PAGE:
Exception Shielding

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Retired: November 2011

In Windows Communication Foundation (WCF), unknown exceptions are not sent to the client application to prevent details of the service implementation from escaping the secure boundary of the service. This is controlled through the includeExceptionDetailInFaults property in the Web.config file. By default, this property is set to false.

The includeExceptionDetailInFaults configuration setting is used only for unknown or unhandled exceptions. It does not have any effect on known exceptions, such as the FaultException type available in WCF.

Exception shielding helps prevent a Web service from disclosing information about the internal implementation of the service when an exception occurs. The following forces explain why you should use exception shielding:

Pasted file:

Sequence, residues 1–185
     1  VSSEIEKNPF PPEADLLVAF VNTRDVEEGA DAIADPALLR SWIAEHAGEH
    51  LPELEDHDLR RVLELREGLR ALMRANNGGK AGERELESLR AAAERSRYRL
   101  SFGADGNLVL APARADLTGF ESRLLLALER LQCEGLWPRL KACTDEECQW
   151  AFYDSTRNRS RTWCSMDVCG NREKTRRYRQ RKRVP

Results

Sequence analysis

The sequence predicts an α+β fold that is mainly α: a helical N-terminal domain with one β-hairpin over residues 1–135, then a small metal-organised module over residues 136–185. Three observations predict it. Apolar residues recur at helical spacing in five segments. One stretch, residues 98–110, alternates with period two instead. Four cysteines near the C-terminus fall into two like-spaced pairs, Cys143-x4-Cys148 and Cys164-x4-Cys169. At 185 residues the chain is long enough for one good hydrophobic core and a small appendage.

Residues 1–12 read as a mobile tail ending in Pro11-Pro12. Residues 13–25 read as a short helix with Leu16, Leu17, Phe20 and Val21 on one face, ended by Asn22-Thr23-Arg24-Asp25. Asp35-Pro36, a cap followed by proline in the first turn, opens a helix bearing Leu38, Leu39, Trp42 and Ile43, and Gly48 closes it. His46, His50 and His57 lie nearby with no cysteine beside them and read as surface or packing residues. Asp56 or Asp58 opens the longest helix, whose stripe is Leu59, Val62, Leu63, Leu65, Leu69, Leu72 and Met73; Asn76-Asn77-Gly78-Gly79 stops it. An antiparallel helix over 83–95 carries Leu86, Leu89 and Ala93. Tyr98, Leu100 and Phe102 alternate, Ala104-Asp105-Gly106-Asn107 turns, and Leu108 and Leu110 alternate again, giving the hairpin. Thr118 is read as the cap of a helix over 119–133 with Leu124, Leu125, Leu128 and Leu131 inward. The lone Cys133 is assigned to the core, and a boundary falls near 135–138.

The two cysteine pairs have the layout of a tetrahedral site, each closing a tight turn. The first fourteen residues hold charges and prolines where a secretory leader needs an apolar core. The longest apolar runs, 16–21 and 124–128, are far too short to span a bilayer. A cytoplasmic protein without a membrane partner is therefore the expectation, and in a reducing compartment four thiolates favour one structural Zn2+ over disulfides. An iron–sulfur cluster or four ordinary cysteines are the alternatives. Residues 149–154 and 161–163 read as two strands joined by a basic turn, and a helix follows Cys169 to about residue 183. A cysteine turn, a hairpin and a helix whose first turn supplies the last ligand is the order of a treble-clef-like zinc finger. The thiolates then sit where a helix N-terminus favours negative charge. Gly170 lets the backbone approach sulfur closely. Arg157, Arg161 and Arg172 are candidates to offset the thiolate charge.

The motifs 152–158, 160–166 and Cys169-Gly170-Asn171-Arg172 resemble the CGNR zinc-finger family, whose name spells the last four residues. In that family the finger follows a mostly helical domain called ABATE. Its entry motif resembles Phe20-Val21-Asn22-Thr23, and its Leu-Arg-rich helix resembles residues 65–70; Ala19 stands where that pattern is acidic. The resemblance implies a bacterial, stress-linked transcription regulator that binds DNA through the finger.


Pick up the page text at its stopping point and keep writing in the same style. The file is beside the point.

• Exception details may contain clues that an attacker can use to exploit resources used by the system.
  • Information related to anticipated exceptions needs to be returned to the client application.
  • Exceptions that occur within a Web service should be logged to support troubleshooting.

Only exceptions that have been sanitized or are safe by design should be returned to the client application. Exceptions that are safe by design do not contain sensitive information in the exception message, and they do not contain a detailed stack trace, either of which might reveal sensitive information about the Web service's inner workings. You should use the Exception Shielding pattern to sanitize unsafe exceptions by replacing them with exceptions that are safe by design. For more information about the Exception Shielding pattern, see Exception Shielding.